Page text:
By Olivia Bergeron, LCSW
As a psychotherapist who treats pregnant women and new moms, I encounter postpartum depression (PPD) a lot. Incredibly, one in seven women experiences PPD after giving birth, and it often goes undiagnosed and untreated. Because moms so badly want to be good parents to their children, you can imagine how heartbreaking it can be for a mother to feel sad, anxious and depressed following the birth of a child. With therapy, the prognosis for a full recovery is excellent, but is there a way to avoid all the heartbreak to begin with?
While I can offer no magic bullet, there are definitely ways to minimize the risk of experiencing PPD. And the best part about taking these steps? You’ll also be making the transition to parenthood much easier by preparing yourself and your partner for the huge changes ahead.
Here are six things you can do before and after baby arrives:
• Line up as much postpartum support as you need, and then some. I tell my pregnant clients to prepare as if they were having twins. Somehow the idea of having two babies really motivates parents! Get family, friends, neighbors, postpartum doulas, and anyone else you can think of, ready to help you with chores and caring for the baby in the first months. There is no such thing as too much help and no shame in accepting it.
• Schedule a mental health “check up.” If you have a history of depression or anxiety,
schedule a session with a therapist or psychiatrist before the baby arrives to discuss
a postpartum plan in case of a relapse. Talk about what worked best to overcome the
depression or anxiety the last time you got treatment and look at ways to incorporate
these tactics after you give birth. It can be a huge relief to know you have a plan
prepared in advance, just in case the going gets rough after birth. Early intervention also
results in a faster recovery should PPD occur, so don’t wait to get help.
• Don’t isolate yourself. Many new parents are surprised at how lonely and isolating it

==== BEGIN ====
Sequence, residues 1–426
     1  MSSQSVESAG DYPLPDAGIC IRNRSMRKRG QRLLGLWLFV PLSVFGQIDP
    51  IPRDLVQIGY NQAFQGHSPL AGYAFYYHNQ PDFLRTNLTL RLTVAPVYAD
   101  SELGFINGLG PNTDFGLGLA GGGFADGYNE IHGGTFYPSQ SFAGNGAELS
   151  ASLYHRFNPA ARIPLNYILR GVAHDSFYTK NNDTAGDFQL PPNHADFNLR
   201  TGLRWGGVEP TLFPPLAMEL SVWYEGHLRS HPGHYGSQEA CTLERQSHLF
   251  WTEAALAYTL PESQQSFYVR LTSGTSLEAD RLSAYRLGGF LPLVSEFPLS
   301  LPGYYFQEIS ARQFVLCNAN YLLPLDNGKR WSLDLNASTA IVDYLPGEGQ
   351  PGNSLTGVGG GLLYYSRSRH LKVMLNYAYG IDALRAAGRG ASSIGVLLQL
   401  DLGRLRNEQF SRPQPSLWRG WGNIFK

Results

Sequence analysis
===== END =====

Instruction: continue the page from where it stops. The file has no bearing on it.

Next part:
can be when you have a baby. This is particularly true if you are the first among your
friends to have a baby, or you live far from family. The internet can be a real lifeline
for new parents looking to avoid isolation. Sign up for one of the local yahoo parenting
groups in your neighborhood (groups.yahoo.com) to find out news and information
about parent gatherings. Look for new parent support groups and “baby and me”
classes at the library, religious center or baby gym, all great places to meet other
parents. The sooner you develop a network of other new parents to commiserate with,
the more connected you’ll feel.
• Nurture yourself with quality, nutritious foods. New parents are sleep deprived as a
rule and most don’t have time to cook or eat elaborate meals. Oftentimes, they end up
relying on caffeine and unhealthy snacks as a crutch. Caffeine can seriously exacerbate
anxious feelings and sharp spikes in blood sugar can contribute to moodiness. Make
sure you have healthy, quick meals and snacks on hand and minimize or avoid caffeine
• Begin gentle exercise once you get medical clearance. Exercise has been shown to
be as effective as antidepressants in some studies. Once you get the green light from
your healthcare provider, begin gentle exercises, outside if possible. Sunshine and
fresh air are great mood boosters as well. Note: if you are prone to panic attacks, avoid
strenuous exercise, which can trigger an attack.
• Put off big life changes. Stress is a PPD risk factor, so try to avoid major life stressors,
such as changing jobs or moving, until you get settled as a family, if at all possible.
But even with all the preparation possible, some women will still fall victim to postpartum depression through absolutely no fault of their own. Stress, isolation and fatigue are all contributing factors to PPD, but so is biology or a family history of depression and anxiety, which is completely out of our control. However, armed with the knowledge of where to go and what to do, new parents can get treated and go on to experience the joy they always hoped a child would bring. By seeking help early, new moms can give themselves and their new baby the best gift of all: a happy, healthy parent.
Olivia Bergeron, LCSW, is the founder of Mommy Groove Therapy & Support (MommyGroove.com). She is a psychotherapist who specializes in helping parents, and particularly moms, to become less anxious and depressed and more confident so that they can best enjoy their children and families. She has an office in Park Slope, Brooklyn, and makes home visits for clients in Manhattan and Brooklyn. She lives in New York City with her husband, daughter and twin sons. She can be reached at 917.397.0323 or at [email protected]